Notice that it is in Christ all the fulness of the Deity dwells, here is a profound truth which is also a great mystery here we see the risen Christ and indeed the incarnate Christ as one who is truly God and truly man. And it is in Christ alone that we find fulness, notice that Paul emphasise the power and authority of Christ. Paul emphasises these things so that we might realise how great our salvation is.  Faith in Christ brings about newness of life in the believer, we are raised from spiritual death by the same power that raised Christ from the dead. Once again we are reminded of the centrality of the cross because it is here that we find forgiveness and reconciliation. Jesus has disarmed those powers that are against us and he has done so through the triumph of the cross.

Therefore do not let anyone judge you by what you eat or drink, or with regard to a religious festival, a New Moon celebration or a Sabbath day. These are a shadow of the things that were to come; the reality, however, is found in Christ. Do not let anyone who delights in false humility and the worship of angels disqualify you. Such a person also goes into great detail about what they have seen; they are puffed up with idle notions by their unspiritual mind. They have lost connection with the head, from whom the whole body, supported and held together by its ligaments and sinews, grows as God causes it to grow.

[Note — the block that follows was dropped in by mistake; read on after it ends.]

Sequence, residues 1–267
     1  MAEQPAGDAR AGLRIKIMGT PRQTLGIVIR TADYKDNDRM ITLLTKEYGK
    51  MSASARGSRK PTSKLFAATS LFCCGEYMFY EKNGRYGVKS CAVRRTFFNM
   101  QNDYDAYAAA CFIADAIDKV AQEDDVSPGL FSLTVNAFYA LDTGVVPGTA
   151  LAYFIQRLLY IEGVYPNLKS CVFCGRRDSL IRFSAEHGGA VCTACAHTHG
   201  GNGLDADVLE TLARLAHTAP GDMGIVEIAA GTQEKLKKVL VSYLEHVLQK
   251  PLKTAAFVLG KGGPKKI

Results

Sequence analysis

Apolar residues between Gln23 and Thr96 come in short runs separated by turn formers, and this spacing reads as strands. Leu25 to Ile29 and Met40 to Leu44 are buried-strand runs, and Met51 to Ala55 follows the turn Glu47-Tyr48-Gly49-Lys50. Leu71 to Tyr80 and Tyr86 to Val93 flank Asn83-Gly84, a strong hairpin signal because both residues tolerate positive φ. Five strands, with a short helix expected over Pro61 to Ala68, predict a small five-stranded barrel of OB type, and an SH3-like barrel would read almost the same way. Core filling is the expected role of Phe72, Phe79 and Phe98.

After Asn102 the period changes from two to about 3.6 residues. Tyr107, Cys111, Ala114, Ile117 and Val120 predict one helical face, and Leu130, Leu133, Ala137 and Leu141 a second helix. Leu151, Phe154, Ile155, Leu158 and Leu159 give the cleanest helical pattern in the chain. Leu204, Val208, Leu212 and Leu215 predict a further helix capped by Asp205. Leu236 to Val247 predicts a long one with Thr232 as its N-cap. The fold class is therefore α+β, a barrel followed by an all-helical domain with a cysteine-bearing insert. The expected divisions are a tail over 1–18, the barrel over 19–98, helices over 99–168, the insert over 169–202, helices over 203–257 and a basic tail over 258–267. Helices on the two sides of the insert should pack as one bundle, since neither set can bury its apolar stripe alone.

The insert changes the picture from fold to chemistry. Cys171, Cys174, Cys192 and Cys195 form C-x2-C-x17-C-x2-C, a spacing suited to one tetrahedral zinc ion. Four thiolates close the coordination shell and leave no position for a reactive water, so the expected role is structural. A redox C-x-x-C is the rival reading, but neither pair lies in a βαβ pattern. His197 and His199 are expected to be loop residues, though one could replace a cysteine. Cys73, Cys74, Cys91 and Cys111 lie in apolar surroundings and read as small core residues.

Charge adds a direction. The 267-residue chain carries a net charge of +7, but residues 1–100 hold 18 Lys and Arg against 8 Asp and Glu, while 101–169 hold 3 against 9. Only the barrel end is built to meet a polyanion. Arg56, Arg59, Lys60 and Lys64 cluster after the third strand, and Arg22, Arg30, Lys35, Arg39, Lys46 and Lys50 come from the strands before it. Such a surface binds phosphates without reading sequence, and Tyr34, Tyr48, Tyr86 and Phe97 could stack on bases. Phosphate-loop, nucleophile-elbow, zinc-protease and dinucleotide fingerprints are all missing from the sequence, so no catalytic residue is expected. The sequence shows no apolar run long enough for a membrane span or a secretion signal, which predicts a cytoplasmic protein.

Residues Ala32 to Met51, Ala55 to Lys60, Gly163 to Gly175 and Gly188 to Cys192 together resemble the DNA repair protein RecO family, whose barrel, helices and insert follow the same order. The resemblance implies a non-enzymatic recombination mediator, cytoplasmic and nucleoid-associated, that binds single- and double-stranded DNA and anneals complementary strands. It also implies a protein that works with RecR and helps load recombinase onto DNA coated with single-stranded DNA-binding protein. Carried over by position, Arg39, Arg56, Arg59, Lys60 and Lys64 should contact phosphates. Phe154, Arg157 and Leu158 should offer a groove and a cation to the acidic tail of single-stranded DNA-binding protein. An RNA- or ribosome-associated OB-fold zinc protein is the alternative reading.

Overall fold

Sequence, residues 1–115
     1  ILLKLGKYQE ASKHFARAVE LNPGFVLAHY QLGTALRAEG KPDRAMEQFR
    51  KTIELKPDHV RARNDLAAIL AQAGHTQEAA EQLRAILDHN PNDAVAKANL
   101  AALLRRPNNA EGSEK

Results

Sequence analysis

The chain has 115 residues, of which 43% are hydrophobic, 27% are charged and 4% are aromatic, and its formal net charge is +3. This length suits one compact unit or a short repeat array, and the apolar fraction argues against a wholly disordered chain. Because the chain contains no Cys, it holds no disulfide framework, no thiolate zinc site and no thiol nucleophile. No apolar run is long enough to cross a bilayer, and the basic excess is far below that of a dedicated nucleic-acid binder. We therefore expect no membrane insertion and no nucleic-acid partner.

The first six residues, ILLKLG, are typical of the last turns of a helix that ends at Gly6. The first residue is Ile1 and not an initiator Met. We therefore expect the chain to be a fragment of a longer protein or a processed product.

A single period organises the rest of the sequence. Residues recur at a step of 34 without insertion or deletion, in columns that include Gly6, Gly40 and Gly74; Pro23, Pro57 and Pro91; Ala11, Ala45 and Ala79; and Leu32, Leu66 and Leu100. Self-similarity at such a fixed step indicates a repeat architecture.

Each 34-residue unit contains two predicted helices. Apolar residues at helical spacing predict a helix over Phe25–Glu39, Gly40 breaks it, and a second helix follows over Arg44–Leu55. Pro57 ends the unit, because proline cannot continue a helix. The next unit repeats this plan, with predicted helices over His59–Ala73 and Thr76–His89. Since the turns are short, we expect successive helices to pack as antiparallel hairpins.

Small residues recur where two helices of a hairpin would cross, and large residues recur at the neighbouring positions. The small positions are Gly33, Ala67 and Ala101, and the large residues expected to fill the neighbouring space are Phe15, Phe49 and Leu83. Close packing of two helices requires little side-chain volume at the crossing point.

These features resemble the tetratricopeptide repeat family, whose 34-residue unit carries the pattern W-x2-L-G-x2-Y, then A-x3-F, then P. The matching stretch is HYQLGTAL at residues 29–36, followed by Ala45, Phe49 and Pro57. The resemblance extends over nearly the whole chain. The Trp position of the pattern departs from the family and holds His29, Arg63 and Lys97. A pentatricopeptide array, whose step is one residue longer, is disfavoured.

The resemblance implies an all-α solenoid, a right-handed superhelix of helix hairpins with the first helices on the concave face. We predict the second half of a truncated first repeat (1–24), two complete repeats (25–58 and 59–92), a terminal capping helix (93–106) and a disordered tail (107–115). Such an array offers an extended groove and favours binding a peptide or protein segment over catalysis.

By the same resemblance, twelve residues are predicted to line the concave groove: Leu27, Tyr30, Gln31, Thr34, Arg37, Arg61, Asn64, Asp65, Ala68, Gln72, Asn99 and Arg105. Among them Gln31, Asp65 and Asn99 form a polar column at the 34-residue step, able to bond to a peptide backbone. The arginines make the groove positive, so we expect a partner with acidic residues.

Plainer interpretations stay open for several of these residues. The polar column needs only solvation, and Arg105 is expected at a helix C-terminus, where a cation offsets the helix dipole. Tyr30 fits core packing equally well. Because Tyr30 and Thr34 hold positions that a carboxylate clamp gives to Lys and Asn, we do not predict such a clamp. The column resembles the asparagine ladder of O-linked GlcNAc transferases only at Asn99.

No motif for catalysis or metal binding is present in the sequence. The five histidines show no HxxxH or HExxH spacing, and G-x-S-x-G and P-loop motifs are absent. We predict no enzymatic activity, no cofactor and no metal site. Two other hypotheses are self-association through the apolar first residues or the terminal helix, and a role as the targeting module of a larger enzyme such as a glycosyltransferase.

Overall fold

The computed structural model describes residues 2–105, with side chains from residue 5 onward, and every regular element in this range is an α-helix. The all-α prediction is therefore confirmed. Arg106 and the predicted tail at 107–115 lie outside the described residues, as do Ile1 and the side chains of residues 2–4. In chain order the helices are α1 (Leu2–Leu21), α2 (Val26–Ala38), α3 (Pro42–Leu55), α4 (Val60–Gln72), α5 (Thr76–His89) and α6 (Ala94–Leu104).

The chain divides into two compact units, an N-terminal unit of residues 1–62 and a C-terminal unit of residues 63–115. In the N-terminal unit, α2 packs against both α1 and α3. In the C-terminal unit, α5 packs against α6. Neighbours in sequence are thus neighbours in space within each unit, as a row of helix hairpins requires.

Since you died with Christ to the elemental spiritual forces of this world, why, as though you still belonged to the world, do you submit to its rules: “Do not handle! Do not taste! Do not touch!”? These rules, which have to do with things that are all destined to perish with use, are based on merely human commands and teachings. Such regulations indeed have an appearance of wisdom, with their self-imposed worship, their false humility and their harsh treatment of the body, but they lack any value in restraining sensual indulgence.
The New International Version. (2011). (Col 2:16–23). Grand Rapids, MI: Zondervan.

Paul then warns against falling into legalistic practices and teachings, we are not bound by man-made traditions but rather we find all we need in God’s revelation to us in Christ Jesus and through him in the Holy Scriptures. Having been raised in a legalistic tradition I know what a hindrance man-made laws can be and how hard it can be to rid ourselves of them. It is therefore good to reject legalism before it enslaves us and takes our eyes from looking to Christ.

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The Trinitarian Theology of Stanley J Grenz by Jason S Sexton: A short boook review

This book is a must read for anyone who is interested in the theological writings of Stanley Grenz, here we find a clear scholarly analysis of Grenz theological position. I hope particularly that those who have been critical of Grenz will read this book because it demonstrates convincingly that Grenz stood in the Great Tradition as far as the doctrine of Trinity is concerned. It must be emphasised that this work does not answer all the questions some will have in regards to the theology of Stanley Grenz, I am sure that some will say that post-foundationalism should have been treated in greater depth but that is to miss the point of the book.